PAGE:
Summary: We will remember them, those who gave their lives. We also remember our Lord who also gave his life not only for his friends but his enemies also. Where then is God?
This sermon was delivered to Holy Trinity in Ayr,
Ayrshire, Scotland on the 12th November 2017
(a Scottish Episcopal Church in the Dioceses of Glasgow and Dumfries).
Psalm 19:14: Let the words of my mouth, and the meditation of our hearts, be acceptable in your sight, O Lord, our strength, and our redeemer. Amen.
Today is Remembrance Sunday, a day where we commemorate the contribution of the British and Commonwealth military and civilian services in the two World Wars … and the later conflicts. …
Across the United Kingdom this morning, there are many such ceremonies … many poppy wreaths of remembrance will be laid … and there will be a two minutes' silence in respect … of those who gave their life: … of those who were injured; … of those who returned home to pick up the pieces … and of those who simply never returned. … We remember too, those at home who supported campaigns … and we pay tribute to the innocent who suffered needlessly.
These services are always very solemn, sincere and sad, always respectful, particularly the service at the cenotaph in London, [which has been televised since 1946, the longest-running annual live televised event in the world]; and for many people that may not go to a service themselves, watch this program … and in their way, they can pay tribute privately.
There is also another service on the Saturday night from the Royal Albert Hall, and that is the one I have always engaged with since I was a boy … and from that service, I was some reason encouraged to join up and do my bit … but as you know the Merchant navy was as far as I got, although we must also show respect for both our navy’s and the seamen and woman who gave their lives during those conflicts, and without whose help, Britain would surely have starved.
2. The silence on remembrance of those who died
Today is a time to remember, and what I particularly like is the silence … the two minutes silence which represents the eleventh hour of the eleventh day of the eleventh month in 1918, when the guns of Europe fell silent. It is a silence where all our thoughts go to these brave men and woman who took part … and it is the only time on our calendar where the whole country falls silent, thinking about something other than themselves. … What a moment to cherish; and I have always loved that … no telephones; no chatter just silence to remember them; a silent you can feel.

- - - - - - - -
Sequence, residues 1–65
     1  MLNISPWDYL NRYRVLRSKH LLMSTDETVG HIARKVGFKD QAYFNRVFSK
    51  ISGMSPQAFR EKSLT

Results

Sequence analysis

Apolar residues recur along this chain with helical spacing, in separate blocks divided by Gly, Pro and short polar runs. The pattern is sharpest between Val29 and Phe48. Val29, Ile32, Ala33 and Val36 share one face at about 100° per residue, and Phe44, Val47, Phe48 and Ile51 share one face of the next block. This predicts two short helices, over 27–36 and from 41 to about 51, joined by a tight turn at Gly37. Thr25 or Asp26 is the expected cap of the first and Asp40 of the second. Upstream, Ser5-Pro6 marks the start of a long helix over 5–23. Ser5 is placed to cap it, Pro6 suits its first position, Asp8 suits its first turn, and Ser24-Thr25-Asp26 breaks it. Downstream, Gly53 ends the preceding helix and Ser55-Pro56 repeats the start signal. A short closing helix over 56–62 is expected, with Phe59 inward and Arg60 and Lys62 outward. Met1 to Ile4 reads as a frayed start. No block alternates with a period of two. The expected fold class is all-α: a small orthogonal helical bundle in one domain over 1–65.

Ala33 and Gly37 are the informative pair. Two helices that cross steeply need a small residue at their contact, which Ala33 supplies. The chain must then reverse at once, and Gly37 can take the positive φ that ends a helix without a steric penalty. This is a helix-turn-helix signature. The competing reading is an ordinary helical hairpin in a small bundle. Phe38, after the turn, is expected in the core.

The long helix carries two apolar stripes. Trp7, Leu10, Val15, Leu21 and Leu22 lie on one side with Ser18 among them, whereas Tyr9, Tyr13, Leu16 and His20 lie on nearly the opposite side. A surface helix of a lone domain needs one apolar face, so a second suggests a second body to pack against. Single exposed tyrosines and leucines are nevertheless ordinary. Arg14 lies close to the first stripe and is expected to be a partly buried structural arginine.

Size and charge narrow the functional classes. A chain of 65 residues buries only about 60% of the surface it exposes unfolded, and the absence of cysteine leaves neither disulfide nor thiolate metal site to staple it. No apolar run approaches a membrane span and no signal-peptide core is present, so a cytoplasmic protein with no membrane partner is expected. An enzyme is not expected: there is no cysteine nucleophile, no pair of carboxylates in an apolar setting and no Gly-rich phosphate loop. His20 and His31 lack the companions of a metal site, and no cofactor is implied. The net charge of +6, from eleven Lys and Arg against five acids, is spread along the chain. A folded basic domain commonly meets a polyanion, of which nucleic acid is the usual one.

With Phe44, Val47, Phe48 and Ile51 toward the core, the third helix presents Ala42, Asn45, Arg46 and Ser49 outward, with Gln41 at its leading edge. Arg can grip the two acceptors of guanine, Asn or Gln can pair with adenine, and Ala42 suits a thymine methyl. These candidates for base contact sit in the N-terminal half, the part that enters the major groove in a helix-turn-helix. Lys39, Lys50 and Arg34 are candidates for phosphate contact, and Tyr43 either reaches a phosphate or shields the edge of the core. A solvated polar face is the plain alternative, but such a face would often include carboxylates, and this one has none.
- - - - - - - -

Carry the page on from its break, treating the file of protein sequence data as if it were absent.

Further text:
And on the Saturday night service, during this silence I was always fascinated by the thousands of poppies that are dropped from the ceiling of Royal Albert Hall onto the various representatives below; … I always enjoyed watching them flutter down and land beside them … landing on their cloths … on their heads … in fact just land anywhere. I remember someone once saying to me, that each poppy represents a life lost during those wars and I remember feeling bad because there were so many. … Years later someone said to me, those poppies were only a token in number of those who died, as there were so many that were killed, and that it was physically impossible to have one poppy per person dropping from that ceiling. … That was even more people than I thought, and I think that this really hit it home to me the sacrifices … the wanton destruction … and the evil that men and woman do. … What a waste … what a world we live in.
3 Why the poppy?
And I also never remember asking the question, why use the poppy to symbolise the fallen, even it was kind of obvious that the red poppy represented the blood that was sown, and that the poppy was one of the first flowers to grow after the armistice was declared … just like they had done after the destruction brought about by the Napoleonic wars of the early 19th century, which also transformed bare land into fields of red … red both for the blood of the slaughter, and red for the poppies when the fighting had ceased … however it was not until 1918 that the poppy became the national symbol of the natural cycle of war and a memorial to the fallen, … a symbol adopted by the Royal British Legion of those serving in the British armed forces, and we therefore cannot promote it high enough.
3 So many wars
The common corn flower poppy … is now a popular symbol of the blood that flowed … yet despite all the acts of sacrifice and heroism throughout the centuries, we live in a world that is at war with itself. … Even the society of International Law in London states this incredible statistic: … that since the beginning of recorded history … the entire world has been at peace less than 8% of the time. … Just think, that over the last 4000 years of history, only 268 years saw peace, which means that this world has been at war with itself for 3732 years … and in that time, more than 8000 peace treatises have been made, and broken.